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National News

The U.S. Senate repealed Iraq war authorizations a year ago. In the House, they’re frozen.



WASHINGTON – U.S. House Republican leaders have spent the last year holding up a broadly bipartisan, Senate-approved bill that would repeal the authorizations for use of military force from the 1990s and early 2000s that were intended for the wars in Iraq.

The Senate approved the legislation following a 66-30 vote last March, but it has remained stalled in the House ever since, despite broad support from conservative Republicans, centrist lawmakers, and left-leaning Democrats in that chamber.

Authorizations for Use of Military Force, while not formal declarations of war, have become the more common way for Congress to authorize when and where the president as commander-in-chief can send U.S. troops into conflict.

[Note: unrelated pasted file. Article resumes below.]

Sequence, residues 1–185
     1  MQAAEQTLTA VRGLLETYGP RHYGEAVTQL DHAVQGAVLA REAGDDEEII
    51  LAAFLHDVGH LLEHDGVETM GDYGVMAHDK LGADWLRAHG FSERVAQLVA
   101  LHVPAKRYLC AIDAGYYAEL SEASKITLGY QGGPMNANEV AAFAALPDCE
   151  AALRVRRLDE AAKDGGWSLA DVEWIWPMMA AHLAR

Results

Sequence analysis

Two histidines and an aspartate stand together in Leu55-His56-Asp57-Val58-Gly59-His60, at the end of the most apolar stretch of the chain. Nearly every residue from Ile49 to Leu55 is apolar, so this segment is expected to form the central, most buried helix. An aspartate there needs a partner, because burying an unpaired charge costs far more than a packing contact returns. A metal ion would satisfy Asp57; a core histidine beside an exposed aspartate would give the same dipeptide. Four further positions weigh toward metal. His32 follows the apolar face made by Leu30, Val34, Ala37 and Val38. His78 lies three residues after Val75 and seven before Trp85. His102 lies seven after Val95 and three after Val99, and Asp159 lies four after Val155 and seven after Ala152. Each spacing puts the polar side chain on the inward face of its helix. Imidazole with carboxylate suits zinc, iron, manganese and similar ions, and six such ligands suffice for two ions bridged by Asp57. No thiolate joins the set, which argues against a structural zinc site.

Leaving an AUMF on the books, especially decades after lawmakers originally approved it, could provide an avenue for the president to send troops into war or engage in attacks that haven’t been debated and approved by lawmakers on behalf of the public, analysts and lawmakers warn.

In this case, however, emerging wars and armed conflicts in the Middle East have changed the tone of the debate about removing two Iraq AUMFs from the ledger.

Oklahoma Republican Rep. Tom Cole, one of the bill’s original co-sponsors, said in a brief interview with States Newsroom in mid-March there “hasn’t been a lot of oxygen” for the repeal bill to move through the House.

Cole, chairman of the Rules Committee, said he “hopes” leadership will see the bill warrants an up-or-down floor vote later this year.